Reviewed By

Christopher Armstead
I had heard a few years ago about the plan to make Yasuomi Umetsu's 'Kite' into a live action film, and I must admit that this did not sound like a very good idea to me.  'Kite', to put it shortly, is the story of a school girl who spends her days murdering people and her nights getting gang raped.  That's something that probably shouldn't even be made into the anime it was made into, much less a live action movie, though I will admit I did enjoy Umetsu's 'Kite'.   Own it even.  Hentai scenes and all.  Animation does give one the ability to get away with certain things that you just can't do with live action.  Regardless, after years of planning and preproduction and the untimely death of the first director, we have 'Kite', the live action film.  Minus the gang rape, thank goodness.  And… well… it still probably wasn't the best idea. 

The young girl, seemingly completely out of it, is being dragged up the elevator by some no good individual who looks like he plans to do some awful things to her once he gets her up to his room.  He's not going to make it.  The girl Sawa (India Eisley) was just playing possum, pulls a pimped out gun out of her purse and pumps a time delayed exploding bullet in this guy's head.  Not sure what the exploding bullet is all about, but I guess it does keep a guy dead.  Good start, and it is lining up nicely with the anime.

Now things begin to get a little confusing and a lot wayward.  Sawa, as it turns out, works for Paris (?) police officer Karl Aker (Samuel L. Jackson) taking out the vermin in this post-apocalyptic looking city, trying to claw her way to a mysterious character known as The Amir.  It seems many years ago this Amir killed Sawa's parents, with her father being Karl's partner, and Karl has been raising Sawa ever since, while training her in the fine art of assassination, and also plying her with this drug she needs that allows her to forget the awful things she is doing.
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So Sawa is going about the business of killing pedophiles and drug dealers and gun runners, and getting a little sloppy about it much to Karl's dismay, but then she meets Oburi (Callan McAuliffe), a young man about Sawa's age who claims he knew her way back.  He also mentions that she would remember him too if she just get off that junk she's using to forget everything.  More importantly, she'd remember what actually happened that night her parents got slaughtered. 

A lot of other stuff happens, parkour enables street thugs, bathroom shootouts, lots of time delayed exploding bullets, until Sawa finally reaches her ultimate goal.  But naturally, everything isn't always what it seems and the real truth will hurt Sawa deeply.  But hey, at least the city has fewer pedophile pimps running around.  That can't be an altogether bad thing, now can it?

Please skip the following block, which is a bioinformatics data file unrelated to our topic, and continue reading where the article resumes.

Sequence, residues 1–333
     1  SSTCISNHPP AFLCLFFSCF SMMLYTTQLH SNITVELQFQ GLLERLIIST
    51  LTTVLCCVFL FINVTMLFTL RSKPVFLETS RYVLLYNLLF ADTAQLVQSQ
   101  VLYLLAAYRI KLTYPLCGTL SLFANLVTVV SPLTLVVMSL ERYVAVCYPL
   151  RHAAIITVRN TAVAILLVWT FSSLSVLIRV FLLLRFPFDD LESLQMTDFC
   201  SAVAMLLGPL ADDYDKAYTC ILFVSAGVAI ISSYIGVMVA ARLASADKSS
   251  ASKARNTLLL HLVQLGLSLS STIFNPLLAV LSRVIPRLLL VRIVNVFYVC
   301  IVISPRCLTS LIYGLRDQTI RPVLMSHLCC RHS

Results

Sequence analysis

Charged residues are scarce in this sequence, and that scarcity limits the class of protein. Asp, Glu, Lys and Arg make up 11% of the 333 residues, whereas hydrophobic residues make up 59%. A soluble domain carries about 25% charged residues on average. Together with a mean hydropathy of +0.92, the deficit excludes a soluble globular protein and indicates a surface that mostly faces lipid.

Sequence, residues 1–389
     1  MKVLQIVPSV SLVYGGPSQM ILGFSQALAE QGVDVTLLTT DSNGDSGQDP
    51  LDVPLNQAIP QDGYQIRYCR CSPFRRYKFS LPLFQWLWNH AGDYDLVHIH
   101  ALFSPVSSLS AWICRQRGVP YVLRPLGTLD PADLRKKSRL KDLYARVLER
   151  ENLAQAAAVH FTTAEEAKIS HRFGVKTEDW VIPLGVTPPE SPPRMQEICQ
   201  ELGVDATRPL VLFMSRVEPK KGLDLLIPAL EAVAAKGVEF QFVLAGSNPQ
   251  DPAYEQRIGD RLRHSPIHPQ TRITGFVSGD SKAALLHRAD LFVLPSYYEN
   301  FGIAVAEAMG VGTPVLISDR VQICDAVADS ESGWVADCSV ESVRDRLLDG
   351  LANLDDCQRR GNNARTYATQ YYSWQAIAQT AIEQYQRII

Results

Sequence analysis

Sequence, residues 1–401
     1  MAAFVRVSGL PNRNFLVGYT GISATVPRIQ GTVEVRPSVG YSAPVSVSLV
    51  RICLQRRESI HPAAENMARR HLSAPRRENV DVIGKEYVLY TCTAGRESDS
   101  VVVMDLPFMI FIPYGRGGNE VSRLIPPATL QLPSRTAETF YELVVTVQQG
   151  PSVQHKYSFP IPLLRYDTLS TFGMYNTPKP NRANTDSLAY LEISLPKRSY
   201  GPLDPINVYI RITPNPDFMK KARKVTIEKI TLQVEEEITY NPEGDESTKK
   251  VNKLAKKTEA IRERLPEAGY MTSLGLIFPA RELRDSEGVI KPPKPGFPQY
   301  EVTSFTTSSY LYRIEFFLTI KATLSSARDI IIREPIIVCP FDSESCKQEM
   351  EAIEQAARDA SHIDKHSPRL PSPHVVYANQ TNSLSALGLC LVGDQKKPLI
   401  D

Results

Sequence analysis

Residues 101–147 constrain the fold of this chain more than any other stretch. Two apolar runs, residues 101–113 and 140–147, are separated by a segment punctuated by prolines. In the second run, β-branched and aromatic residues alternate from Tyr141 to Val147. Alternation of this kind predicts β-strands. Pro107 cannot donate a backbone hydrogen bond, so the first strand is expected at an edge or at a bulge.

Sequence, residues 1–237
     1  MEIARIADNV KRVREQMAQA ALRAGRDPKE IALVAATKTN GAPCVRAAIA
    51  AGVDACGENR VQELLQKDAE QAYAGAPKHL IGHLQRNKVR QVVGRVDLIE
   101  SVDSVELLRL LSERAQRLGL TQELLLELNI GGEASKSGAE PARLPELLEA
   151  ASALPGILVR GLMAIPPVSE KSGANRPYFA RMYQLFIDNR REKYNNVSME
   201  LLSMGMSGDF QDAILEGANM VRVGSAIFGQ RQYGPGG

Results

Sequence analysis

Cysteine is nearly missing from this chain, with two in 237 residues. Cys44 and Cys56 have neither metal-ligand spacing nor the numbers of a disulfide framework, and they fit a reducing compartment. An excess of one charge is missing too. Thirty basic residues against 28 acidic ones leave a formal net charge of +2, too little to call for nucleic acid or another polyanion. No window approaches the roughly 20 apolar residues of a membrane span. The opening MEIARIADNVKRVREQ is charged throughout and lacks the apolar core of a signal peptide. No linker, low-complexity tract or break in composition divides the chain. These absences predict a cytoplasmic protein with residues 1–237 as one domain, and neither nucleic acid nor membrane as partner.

Unfortunately, after that promising opening scene, nothing seems to work all that well in director Ralph Ziman's live action version of 'Kite', and a lot of this, I believe, simply has to do with a source material that just doesn't translate all that well to live action.  India Eisley is a cute kid, but there's not a lot that she does in this movie as the character of Sawa that sells us on her being a kung fu kicking, master assassin, no matter how many people she shoots in the head.  Again, I think this is less the fault of the actress and more so the source material translating poorly.  The animation was pretty darned unbelievable as well, but it was animation and you can really get away with a lot more on a drawn canvas.

Aside from the fact that we weren't really buying into the character of Sawa, which is a fairly major issue, the rest of the movie featured a narrative which was at best a jumbled mess of ideas that separately, probably sounded really cool, but stitched together… well… it was a jumbled mess of ideas.  The film had very little rhythm to it, it was surprisingly slow moving despite all of the action sequences and strange looking people running and jumping over walls, and the look of the film was very drab and depressing.  Of course, this is a movie about a teenage girl shooting people in the head, so we know we weren't going to get a sunny film, but where our filmmakers may have planned for this color palette to be 'dark', what we saw was 'drab', 'colorless', and ultimately boring.

Samuel L. Jackson was in it though.  Was does that mean?  Well, not much really since breathing oxygen is slightly more difficult than getting Samuel L. Jackson to be in your movie, but we are fans of the man here at the FCU and he does seem to give it his best shot, in yet another lousy movie.

'Kite' was probably doomed to fail from the get go.  Removing the gang rape elements was a positive, but we were still left with a film that felt dead on arrival.
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